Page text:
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French Revolution

Women's March on Versailles

History >> French Revolution

The Women's March on Versailles was an important event at the start of the French Revolution. It gave the revolutionaries confidence in the power of the people over the king.

Leading up to the March

In 1789 France, the main food of the commoners was bread. A poor French economy had led to a scarcity of bread and high prices. The people were hungry. In Paris, women would go to the market to buy bread for their families, only to find that what little bread was available was very expensive.

Women marching on Versailles carrying weapons
Women's March on Versailles
Source: Bibliotheque nationale de France
Women in the Marketplace Riot

On the morning of October 5, 1789, a large group of women in a Paris marketplace began to revolt. They wanted to buy bread for their families. They began to march through Paris demanding bread at a fair price. As they marched, more people joined the group and soon there were thousands of marchers.

The March Begins

The crowd first took over the Hotel de Ville in Paris (sort of like a city hall) where they were able to get some bread as well as weapons. Revolutionaries in the crowd suggested they head to the palace in Versailles and confront King Louis XVI. They called the king the "Baker" and the queen the "Baker's wife."

Were there only women in the crowd?

Although the march is often referred to as the "Women's" March on Versailles, there were men included in the crowd as well. One of the main leaders of the march was a man named Stanislas-Marie Maillard.

At the Palace in Versailles

After six hours of marching in the pouring rain, the crowd arrived at the king's palace in Versailles. Once the crowd arrived at Versailles they demanded to meet the king. At first, things seemed to be going well. A small group of women met with the king. He agreed to provide them food from the king's stores and promised more in the future.

While some of the group left after the agreement, many people stayed and continued to protest. Early the next morning, some of the crowd were able to get into the palace. Fighting broke out and some of the guards were killed. Eventually, peace was restored by Marquis de Lafayette, the leader of the National Guard.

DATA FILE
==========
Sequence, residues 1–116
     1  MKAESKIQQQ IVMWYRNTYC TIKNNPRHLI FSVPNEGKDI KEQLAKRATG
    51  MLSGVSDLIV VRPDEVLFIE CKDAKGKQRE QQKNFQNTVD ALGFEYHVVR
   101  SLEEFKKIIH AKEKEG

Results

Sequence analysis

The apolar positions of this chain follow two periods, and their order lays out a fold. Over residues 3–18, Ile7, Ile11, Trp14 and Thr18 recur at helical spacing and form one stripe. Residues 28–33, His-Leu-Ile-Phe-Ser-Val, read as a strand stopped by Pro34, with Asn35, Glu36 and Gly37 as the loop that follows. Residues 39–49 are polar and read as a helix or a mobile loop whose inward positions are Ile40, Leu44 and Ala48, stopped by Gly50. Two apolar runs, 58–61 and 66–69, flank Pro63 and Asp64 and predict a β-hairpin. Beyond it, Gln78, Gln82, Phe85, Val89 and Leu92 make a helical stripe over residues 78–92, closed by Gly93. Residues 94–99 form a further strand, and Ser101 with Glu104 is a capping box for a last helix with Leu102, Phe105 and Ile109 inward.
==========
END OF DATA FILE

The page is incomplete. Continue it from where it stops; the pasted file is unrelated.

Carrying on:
Drawing of Lafayette on balcony with Marie Antoinette
Lafayette Kisses Marie Antoinette's Hand
by Unknown
Later that day, the king addressed the crowd from a balcony. The revolutionaries demanded that he return to Paris with them. He agreed. Then the crowd demanded to see Queen Marie Antoinette. The people blamed a lot of their problems on the queen and her lavish spending habits. The queen appeared on the balcony with her children, but the crowd demanded that the children be taken away. The queen stood there by herself with many in the crowd pointing guns at her. She may have been killed, but Lafayette knelt before her on the balcony and kissed her hand. The crowd calmed and allowed her to live.

The King Returns to Paris

The king and queen then traveled back to Paris with the crowd. By this time the crowd had grown from around 7,000 marchers to 60,000. After the return march, the king went to live at Tuileries Palace in Paris. He would never again return to his beautiful palace in Versailles.

Interesting Facts about the Women's March on Versailles Activities

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  • More on the French Revolution:

    Timeline and Events
    Timeline of the French Revolution
    Causes of the French Revolution
    Estates General
    National Assembly
    Storming of the Bastille
    Women's March on Versailles
    Reign of Terror
    The Directory
    People
    Famous People of the French Revolution
    Marie Antoinette
    Napoleon Bonaparte
    Marquis de Lafayette
    Maximilien Robespierre

    Other
    Jacobins
    Symbols of the French Revolution
    Glossary and Terms


    Works Cited

    History >> French Revolution





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